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The Salt Lake Temple is the biggest and most famous shrine of The Church of Jesus Christ of Latter-day Saints among the over 130 temples across the globe. It is the focal point of the 10 acre Temple Square which is also a famous tourist attraction. Unfortunately, the general public is not allowed to tour inside the temple since it is considered sacred, but the temple grounds are open to visitors who want to wonder at the architectural mastery that went into its construction from the outside.

As a testament to its significance in the heritage and faith of The Church of Jesus Christ of Latter-day Saints or shortly LDS, it is the venue of the regular meetings of the First Presidency ? the highest governing body of the religion ? and the Quorum of the Twelve Apostles. The meeting of the First Presidency is held at the Holy of Holies where the LDS president act as the high priest and said to engage in direct contact with God. As such, the Holy of Holies is considered as the most sacred place in LDS faith. Another distinguishing factor of the Salt Lake Temple from other LDS churches is its name. In the early years of the 21st century, the LDS leadership released a guide on how to name its temples. For the churches in the United States, it should follow the format: name of city succeeded by the name of the state without comma. However, LDS Church leaders made an exemption for the temple. Without this, this site should have been name The Salt Lake City Utah Temple.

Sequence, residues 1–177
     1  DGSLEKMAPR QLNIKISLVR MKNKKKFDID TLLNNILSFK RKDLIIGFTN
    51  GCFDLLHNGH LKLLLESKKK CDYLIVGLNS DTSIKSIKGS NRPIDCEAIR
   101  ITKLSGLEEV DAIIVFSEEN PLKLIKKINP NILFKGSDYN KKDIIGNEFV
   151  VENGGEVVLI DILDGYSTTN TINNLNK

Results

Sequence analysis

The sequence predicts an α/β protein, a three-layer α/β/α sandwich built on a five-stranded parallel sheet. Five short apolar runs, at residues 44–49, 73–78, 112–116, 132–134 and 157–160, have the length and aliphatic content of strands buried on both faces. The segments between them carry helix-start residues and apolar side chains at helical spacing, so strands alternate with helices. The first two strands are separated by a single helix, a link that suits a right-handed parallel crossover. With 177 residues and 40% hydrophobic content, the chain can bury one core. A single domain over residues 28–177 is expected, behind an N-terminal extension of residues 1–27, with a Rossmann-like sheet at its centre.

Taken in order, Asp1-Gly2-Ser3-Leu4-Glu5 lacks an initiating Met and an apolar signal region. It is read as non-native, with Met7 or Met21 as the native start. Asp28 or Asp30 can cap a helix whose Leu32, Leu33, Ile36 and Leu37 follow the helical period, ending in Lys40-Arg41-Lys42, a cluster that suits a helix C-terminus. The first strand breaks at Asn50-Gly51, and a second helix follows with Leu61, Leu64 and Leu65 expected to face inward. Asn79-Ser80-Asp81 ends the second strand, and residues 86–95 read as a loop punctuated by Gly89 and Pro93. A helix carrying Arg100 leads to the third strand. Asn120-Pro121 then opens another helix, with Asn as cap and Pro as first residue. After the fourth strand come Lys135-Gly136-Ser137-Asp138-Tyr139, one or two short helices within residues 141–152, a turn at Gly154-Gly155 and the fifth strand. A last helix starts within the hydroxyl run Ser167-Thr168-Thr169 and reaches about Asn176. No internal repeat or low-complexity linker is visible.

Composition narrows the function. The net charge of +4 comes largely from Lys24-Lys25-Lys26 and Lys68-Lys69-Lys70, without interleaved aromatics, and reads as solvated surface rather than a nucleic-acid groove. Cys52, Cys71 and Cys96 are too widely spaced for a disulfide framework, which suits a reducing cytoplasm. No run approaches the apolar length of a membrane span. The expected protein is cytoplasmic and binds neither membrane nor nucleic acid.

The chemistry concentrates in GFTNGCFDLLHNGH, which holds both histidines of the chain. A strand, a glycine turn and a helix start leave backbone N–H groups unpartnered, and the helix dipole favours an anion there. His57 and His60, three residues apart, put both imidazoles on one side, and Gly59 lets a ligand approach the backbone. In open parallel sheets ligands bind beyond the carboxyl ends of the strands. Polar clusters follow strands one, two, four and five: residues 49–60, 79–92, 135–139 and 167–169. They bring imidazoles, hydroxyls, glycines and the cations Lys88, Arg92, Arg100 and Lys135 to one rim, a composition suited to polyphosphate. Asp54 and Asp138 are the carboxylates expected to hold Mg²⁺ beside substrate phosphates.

A lot stipulates that the Salt Lake Temple is meant to conjure the Solomon Temple. The church is facing the direction of Jerusalem and the baptismal basin found inside the church is placed on top of the back of twelve oxen similar to brazen sea found in Solomon?s Temple.

The location of the Salt Lake Temple was not chosen out of whim but actually through divine intervention as this was done by an LDS prophet and its second president Brigham Young. The religious site was dedicated in 1853 and its cornerstone was laid down April 6 of the same year. Sandstone was initially utilized for the foundation of the temple, but after the Utah War, it was discovered that most of the foundation has been damaged. A few sandstones were retained, but construction commenced with the use of granite-looking quartz monzonite. The exterior of the temple was fully completed when the capstone and the Angel Moroni statue were laid in 1892 and the church itself was dedicated in 1893.

The edifice of the Salt Lake Temple is not just beautiful; it also provides an overview of the LDS faith. The golden bust of the Angel Moroni represents the angel which will come to hail the second coming of Christ as mention in the Book of Revelations. A representation of the constellation Big Dipper can be found on the west side of the temple. The Big Dipper is used by many travellers to locate the North Star; in the same way that LDS believe that their religions help people discover the path to Heaven. Above each entrance to the church, a ?hand clasp? appears to show the covenants made in the temple?s confines. Scattered all over the church are carved stones representing major heavenly bodies: the sunstones which denote; moonstones which depict the moon in different phases to signify the different stages in people?s lives; and starstones which stand for Jesus Christ.
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